The Offshore Achievement Awards will take place at the Aberdeen Exhibition and Conference Centre on Thursday, 23 March, 2017. For more information please visit: http://www.spe-oaa.org/
In the field, core samples consist of sediment or rock. But in an Energy4me workshop, core samples are made up of bright pink and purple sand.
About 30 Society of Petroleum Engineers staff participated in an Energy4me workshop in Dallas. During the workshop, participants conducted four experiments that focused on various parts of oil exploration and production. In the core sample exercise, employees filled small plastic cups with three layers of colored sand. Then, using a drinking straw, they worked to pull out a core sample.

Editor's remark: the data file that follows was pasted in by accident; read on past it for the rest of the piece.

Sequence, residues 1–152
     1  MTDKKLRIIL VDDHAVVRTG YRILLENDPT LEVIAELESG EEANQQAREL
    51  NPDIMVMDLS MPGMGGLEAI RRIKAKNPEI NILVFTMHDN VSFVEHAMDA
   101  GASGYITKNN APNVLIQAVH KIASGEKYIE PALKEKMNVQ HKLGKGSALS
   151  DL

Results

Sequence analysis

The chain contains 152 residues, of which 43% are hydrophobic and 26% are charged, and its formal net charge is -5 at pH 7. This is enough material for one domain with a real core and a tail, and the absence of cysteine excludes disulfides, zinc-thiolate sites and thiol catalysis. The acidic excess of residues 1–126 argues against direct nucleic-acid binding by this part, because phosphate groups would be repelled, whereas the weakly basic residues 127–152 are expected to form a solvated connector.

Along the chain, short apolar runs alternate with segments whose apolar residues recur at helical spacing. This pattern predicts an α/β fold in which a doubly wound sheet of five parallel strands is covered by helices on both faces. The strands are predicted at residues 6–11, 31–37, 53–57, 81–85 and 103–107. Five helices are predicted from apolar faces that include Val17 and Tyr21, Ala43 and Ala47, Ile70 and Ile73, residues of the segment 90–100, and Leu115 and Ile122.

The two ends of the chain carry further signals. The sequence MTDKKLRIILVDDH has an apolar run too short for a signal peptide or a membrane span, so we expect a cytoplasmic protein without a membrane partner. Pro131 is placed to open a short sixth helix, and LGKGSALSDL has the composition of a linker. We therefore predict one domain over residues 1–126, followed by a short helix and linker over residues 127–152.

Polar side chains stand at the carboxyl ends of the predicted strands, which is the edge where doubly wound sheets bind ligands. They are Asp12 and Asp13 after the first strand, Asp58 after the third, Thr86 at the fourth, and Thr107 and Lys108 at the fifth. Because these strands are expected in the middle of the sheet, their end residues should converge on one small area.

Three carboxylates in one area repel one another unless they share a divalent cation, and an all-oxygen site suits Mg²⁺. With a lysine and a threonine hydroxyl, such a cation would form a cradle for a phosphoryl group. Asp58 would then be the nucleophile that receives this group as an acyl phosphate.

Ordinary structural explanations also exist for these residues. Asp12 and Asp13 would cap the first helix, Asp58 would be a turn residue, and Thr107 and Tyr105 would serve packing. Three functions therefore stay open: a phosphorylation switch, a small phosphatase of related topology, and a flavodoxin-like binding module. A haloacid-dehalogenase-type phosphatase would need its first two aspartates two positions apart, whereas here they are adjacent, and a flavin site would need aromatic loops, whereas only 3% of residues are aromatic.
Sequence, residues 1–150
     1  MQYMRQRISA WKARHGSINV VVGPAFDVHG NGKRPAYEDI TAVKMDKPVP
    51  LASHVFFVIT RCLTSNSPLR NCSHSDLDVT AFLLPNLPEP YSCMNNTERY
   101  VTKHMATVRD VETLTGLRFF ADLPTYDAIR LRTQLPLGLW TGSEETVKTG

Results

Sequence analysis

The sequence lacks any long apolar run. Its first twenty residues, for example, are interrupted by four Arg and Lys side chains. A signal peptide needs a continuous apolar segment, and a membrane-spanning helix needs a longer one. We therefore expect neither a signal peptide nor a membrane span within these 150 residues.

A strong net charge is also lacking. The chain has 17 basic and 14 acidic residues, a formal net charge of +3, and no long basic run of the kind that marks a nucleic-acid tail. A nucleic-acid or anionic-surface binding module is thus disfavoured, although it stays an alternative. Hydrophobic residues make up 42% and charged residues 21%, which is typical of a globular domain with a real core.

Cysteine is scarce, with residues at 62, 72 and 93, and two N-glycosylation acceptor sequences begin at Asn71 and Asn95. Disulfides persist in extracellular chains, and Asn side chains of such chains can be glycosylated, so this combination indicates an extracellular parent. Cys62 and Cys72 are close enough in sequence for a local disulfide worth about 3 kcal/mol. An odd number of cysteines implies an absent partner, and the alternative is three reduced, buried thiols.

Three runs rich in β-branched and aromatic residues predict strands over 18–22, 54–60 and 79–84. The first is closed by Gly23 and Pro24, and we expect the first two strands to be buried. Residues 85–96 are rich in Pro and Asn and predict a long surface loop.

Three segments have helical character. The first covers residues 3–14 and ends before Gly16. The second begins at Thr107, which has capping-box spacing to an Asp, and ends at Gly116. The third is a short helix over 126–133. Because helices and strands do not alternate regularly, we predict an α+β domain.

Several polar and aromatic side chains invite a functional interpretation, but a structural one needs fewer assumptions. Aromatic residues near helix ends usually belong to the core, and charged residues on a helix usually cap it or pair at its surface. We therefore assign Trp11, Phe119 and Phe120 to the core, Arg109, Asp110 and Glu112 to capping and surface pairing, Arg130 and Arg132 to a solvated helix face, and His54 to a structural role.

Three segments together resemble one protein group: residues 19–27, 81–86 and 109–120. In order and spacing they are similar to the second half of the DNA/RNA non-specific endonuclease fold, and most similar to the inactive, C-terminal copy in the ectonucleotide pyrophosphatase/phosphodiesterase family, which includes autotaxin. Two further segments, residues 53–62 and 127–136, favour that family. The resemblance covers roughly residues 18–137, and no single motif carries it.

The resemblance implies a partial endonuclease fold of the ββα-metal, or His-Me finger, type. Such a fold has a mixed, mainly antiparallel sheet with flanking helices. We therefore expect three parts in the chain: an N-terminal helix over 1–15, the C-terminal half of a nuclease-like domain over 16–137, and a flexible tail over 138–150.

It’s a simplified version of the real experience, but it serves as a great example of core sampling.
“Allowing us the opportunity to complete hands-on activities really helped everyone visualize the types of things that petroleum engineers work on, and the types of engineering work that we talk about with our members,” said Debbie Anderson, Bookstore & Libraries Manager. “I would recommend the workshop to anyone that wants to learn more about petroleum engineering in general.”
Conducted across the globe, Energy4Me educates middle school and high school students about the energy industry. The program is designed to engage students at a young age to study math and science, thereby ensuring a future workforce. The program also educates teachers on using hands-on activities to illustrate technical aspects of engineering.
In the Dallas workshop, the other experiments were “getting the oil out,” “perforated well casings” and “fracturing with gelatin.”
For the “getting the oil out” experiment, participants taped together drinking straws to create the illusion of a well drilled deep underground for oil. The trick is to properly connect the pipe sections – pieces of straw – to suck the oil, or in this case, soft drink and chocolate syrup, to the surface.